It does not matter how much one’s partner does not meet any objective standard of a spouse. What matters is that there is unconditional love in the relationship, which is something to look forward to. If the plaintiff just removes their love, when they feel a need is not met, then they are purposefully committing a relationship crime, while their partner might be doing it out of weakness, or entirely unknowingly.
2. Be delicate.
It might take months to get one’s partner to the table. Is it not worth it? You see, if one drags their partner to a relationship expert, none of it will be genuine. The effort we put in leads to better results down the road (2 marshmallows vs. 1). Being a great husband/wife to a slacking spouse is not reward for their bad or failing behavior. It is a reward to the one being great. It also is being responsible to the relationship and choosing to not sabotage it by acting out of fairness or equality.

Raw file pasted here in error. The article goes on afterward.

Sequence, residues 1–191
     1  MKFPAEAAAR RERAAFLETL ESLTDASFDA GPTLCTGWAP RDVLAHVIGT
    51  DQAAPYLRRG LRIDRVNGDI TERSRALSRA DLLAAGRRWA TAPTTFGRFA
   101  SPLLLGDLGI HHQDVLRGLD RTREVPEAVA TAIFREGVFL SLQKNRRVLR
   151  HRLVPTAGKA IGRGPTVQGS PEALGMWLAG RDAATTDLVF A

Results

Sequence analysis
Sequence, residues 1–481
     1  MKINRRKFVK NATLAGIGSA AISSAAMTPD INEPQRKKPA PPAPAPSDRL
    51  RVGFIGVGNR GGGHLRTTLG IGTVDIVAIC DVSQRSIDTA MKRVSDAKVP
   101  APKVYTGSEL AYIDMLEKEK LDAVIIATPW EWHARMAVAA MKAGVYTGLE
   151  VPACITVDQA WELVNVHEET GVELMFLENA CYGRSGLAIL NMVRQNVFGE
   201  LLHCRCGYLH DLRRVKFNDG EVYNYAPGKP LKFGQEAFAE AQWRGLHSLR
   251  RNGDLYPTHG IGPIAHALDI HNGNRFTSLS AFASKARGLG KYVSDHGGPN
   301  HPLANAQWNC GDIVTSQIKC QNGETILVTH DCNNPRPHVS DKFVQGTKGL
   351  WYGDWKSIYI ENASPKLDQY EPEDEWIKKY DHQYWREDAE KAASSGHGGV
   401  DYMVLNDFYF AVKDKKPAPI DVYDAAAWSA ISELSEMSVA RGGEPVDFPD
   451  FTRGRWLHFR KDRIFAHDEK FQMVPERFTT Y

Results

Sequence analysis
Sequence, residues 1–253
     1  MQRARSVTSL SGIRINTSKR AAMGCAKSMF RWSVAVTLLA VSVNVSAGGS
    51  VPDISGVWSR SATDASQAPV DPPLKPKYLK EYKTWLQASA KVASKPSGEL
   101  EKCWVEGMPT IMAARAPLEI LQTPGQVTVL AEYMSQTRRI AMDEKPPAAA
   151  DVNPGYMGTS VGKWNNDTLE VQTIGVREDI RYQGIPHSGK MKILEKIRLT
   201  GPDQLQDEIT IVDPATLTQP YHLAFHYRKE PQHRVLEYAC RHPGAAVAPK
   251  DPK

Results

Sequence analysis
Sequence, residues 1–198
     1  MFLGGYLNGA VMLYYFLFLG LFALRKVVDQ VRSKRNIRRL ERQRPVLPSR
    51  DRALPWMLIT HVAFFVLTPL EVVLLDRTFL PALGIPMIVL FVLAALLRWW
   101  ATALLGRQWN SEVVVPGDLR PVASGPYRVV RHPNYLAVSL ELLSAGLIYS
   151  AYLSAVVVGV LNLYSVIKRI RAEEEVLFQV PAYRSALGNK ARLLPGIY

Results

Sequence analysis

3. Master oneself.
My journey was one that faced countless roadblocks. I faced incredible relationship challenges, fears and anxiety. I stopped trying to control the world around me, and focused inward. In the years that followed, my life has become immeasurably better. I am rewarded by a career that I chose, and the ability to handle any relationship obstacle that comes my way. I urge others to expend the energy that they normally expend to change their partner, and instead change themselves. Surrendering to life doesn’t mean rolling over. It doesn’t even mean that one has to stop trying to better the relationship. It only means that we have to exert control where we actually have sway. When individuals stop trying to change others, and focus on themselves, they actually do become a force of change. It is like gravity. When we change who we are, the world around us is forced to change.
Stay tuned for part 3.